"We're really focused on what the technology enables rather than the technology itself," says Nileema Allerston, Vodafone's head of business brands and comms. "The other way of looking at that is that all the device manufacturers can tell you what the technology does, because they're making those devices ... The technology is incidental to what is happening. It's very powerful to see that Keith can do everything possible on the Vodafone network to find out who owns the pig. But actually, the power of connecting is the universal human truth we're trying to bring to life."
But by telling this story, Vodafone also makes a bold statement in saying that its technology can reliably connect people across the nation when it matters. And this is a risky claim to make in light of the fact that network outages are always a possibility.
"Fortunately, outages are few and far between," says Allerston. "We've hardly had any outages in the 20 years we've been in New Zealand. The other thing is that we've invested a billion dollars in the last five years in our network and we continue to invest in it. Our role, fundamentally, is to maximise and optimise our network and that's what the 3,000 people employed by Vodafone are required to do. We're very confident in the strength of our network and that's why we are willing to make bold statements about it."
The 3,000 people employed by Vodafone were also the first people in the country to be given a taste of the campaign through an in-house teaser that saw lost posters of Piggy Sue put up in elevators and lunch areas at the offices in Auckland, Wellington and Christchurch.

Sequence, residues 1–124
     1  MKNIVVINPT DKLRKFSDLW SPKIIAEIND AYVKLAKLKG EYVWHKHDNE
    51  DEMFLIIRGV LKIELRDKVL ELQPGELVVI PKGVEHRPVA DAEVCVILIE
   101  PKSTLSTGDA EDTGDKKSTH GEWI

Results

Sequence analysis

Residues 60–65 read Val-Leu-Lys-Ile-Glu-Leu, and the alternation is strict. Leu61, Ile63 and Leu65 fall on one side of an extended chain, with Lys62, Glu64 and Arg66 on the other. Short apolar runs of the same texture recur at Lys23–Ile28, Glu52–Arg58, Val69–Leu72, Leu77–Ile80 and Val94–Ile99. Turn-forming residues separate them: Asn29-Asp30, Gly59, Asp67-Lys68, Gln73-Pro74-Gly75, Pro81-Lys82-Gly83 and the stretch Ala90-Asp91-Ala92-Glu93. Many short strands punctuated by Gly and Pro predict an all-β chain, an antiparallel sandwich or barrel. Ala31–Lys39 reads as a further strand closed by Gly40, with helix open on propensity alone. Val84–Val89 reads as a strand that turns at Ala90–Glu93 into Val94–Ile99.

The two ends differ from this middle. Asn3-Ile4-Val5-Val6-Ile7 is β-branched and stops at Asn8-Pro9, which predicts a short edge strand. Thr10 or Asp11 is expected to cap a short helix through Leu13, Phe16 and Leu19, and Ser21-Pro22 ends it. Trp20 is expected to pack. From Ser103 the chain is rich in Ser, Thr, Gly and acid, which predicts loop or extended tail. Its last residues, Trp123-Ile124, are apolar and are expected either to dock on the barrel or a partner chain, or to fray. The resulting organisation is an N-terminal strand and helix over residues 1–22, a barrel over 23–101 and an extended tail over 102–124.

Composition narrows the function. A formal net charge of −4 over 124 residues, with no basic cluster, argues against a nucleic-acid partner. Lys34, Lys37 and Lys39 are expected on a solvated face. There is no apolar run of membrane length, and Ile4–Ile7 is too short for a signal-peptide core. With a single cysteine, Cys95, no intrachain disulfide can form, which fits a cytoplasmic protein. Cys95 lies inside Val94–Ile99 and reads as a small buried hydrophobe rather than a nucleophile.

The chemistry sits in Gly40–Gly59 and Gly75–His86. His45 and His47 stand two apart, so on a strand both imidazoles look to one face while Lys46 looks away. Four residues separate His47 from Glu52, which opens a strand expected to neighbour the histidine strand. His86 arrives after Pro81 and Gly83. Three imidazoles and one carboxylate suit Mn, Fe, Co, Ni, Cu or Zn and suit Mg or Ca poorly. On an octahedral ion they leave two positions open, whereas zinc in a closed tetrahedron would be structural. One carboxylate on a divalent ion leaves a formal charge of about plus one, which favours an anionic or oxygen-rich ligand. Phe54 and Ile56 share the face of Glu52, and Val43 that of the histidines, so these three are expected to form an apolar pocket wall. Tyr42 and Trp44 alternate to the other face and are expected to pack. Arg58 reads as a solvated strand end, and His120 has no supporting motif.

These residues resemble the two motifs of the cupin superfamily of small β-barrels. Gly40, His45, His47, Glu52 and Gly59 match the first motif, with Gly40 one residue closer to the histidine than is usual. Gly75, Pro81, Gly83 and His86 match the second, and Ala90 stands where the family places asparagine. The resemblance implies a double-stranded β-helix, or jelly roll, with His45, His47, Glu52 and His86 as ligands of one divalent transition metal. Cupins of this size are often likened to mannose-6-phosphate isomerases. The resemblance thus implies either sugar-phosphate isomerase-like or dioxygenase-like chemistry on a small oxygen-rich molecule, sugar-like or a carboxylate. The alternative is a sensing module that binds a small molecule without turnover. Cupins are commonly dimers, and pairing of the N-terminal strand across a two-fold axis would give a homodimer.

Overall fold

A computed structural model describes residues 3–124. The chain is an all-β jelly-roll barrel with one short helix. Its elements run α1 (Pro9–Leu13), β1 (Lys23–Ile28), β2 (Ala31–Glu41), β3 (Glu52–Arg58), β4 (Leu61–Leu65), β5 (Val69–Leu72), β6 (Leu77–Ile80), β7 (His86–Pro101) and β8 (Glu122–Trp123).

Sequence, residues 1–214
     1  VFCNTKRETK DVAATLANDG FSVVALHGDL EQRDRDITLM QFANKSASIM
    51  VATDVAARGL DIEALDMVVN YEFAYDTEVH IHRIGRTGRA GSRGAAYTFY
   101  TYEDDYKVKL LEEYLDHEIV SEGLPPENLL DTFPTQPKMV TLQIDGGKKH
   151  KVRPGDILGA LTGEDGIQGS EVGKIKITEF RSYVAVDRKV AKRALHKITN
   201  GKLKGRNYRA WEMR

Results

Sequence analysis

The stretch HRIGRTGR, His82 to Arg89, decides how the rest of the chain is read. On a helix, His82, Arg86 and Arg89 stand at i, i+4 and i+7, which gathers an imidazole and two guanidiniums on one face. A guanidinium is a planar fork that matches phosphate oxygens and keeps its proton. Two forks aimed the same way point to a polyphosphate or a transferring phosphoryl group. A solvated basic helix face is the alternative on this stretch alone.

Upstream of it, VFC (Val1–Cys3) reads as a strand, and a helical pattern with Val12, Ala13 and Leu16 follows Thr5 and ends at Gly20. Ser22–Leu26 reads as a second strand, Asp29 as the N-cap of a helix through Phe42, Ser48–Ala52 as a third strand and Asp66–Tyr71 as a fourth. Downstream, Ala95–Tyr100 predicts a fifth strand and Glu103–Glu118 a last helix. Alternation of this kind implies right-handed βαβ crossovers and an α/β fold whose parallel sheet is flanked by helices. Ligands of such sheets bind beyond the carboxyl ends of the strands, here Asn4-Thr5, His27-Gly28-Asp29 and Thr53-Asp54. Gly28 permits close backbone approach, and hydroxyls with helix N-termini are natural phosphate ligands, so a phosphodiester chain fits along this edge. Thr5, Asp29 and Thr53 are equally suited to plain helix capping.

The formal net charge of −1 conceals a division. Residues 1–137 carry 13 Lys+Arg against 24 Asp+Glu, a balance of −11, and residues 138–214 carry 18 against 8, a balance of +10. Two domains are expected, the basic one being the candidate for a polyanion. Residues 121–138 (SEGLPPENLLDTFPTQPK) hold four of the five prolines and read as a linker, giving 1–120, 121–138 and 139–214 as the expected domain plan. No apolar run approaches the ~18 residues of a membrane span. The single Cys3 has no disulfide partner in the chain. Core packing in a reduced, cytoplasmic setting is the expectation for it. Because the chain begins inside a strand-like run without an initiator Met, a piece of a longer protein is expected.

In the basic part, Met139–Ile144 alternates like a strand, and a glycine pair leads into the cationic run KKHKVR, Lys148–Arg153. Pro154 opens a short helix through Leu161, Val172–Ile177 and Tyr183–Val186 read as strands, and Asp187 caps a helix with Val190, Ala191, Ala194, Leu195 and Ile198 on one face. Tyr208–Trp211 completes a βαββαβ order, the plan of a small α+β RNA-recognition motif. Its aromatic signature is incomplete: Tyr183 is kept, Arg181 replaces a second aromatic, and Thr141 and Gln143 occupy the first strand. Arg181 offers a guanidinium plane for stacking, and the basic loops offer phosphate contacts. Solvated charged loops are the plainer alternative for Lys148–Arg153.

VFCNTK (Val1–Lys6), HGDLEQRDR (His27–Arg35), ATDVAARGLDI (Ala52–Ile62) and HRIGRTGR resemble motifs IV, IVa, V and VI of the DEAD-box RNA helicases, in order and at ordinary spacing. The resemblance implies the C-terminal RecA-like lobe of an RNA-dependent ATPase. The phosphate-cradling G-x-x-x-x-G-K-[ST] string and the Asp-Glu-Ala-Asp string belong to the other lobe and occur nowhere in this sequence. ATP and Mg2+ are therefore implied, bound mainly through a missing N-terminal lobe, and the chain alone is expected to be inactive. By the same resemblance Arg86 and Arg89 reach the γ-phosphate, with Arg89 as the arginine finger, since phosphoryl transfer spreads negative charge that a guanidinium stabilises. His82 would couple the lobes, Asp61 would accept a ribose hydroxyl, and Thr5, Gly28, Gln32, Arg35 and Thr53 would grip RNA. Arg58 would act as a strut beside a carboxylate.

"Staff engagement is a huge part of what communications needs to do to galvanise an organisation," says Mok. "For the organisation to be joined up and believing in its purpose is a really important part of it. A lot of advertising tends to focus on external audiences, and yet the internal audience is just as important."
The new campaign has seemingly been timed to occur when the hype regarding Spark's rebrand has subsided, but De Beucker says that it has in fact been in the works for six months.
Asked whether the Spark rebrand has resulted in Vodafone losing customers, De Beucker said no and pointed out that red telco had added 32,000 mobile customers in the last quarter (Vodafone's highest increase since 2012), lifting its subscriber base to 2.362 million.
The integrated campaign is significant for Vodafone in 2015 and will span TV, in-stream AV, digital display, search, OOH, PR, social media, digital activation and will be supported in-store as it is rolled out.
Consumer Director: Matt Williams
Head of Brand and Insights: Bart De Beucker
Manager Brand and Communications: Nileema Allerston
Network Programme and Communications Specialist: Rose Scott
Agency: FCB New Zealand
Regional Executive Creative Director: James Mok
Executive Creative Director: Regan Grafton
Senior Writer: Matt Williams
Senior Art Director: Freddie Coltart
Head of Integration: Fleur Head
Creative Services Director: Jenni Doubleday
Planning Director: Simon Bird
Senior Planner: Hilary Dobson
Head of Content: Pip Mayne
Producer: Amanda Langkilde
Group Account Director: Karla Fisher
Account Director: Dave Munn
General Manager of PR: Angela Spain
PR Senior Account Director: Joanna James
Production Company Director: Steve Rogers
Production Company MD/EP: Michael Ritchie
Production Company EP/Producer: Pip Smart
Editor/s: Bernard Garry
Director of Photography: Nicolas Karakatsanis
Sound Recordist: Hammond Peak
Production Designer: Margot Wilson
Animal trainer: Hero Animals, Caroline Girdlestone
Post Production: Blockhead
Colourist: Ben Eagleton
Online Editor: Nigel Mortimer
Sound: The Coopers
Sound Engineer: Jon Cooper
Sound Producer: Pen Cooper
Music: Liquid Studios
Composer: Peter van der Fluit
Music Producer: Sarah Yetton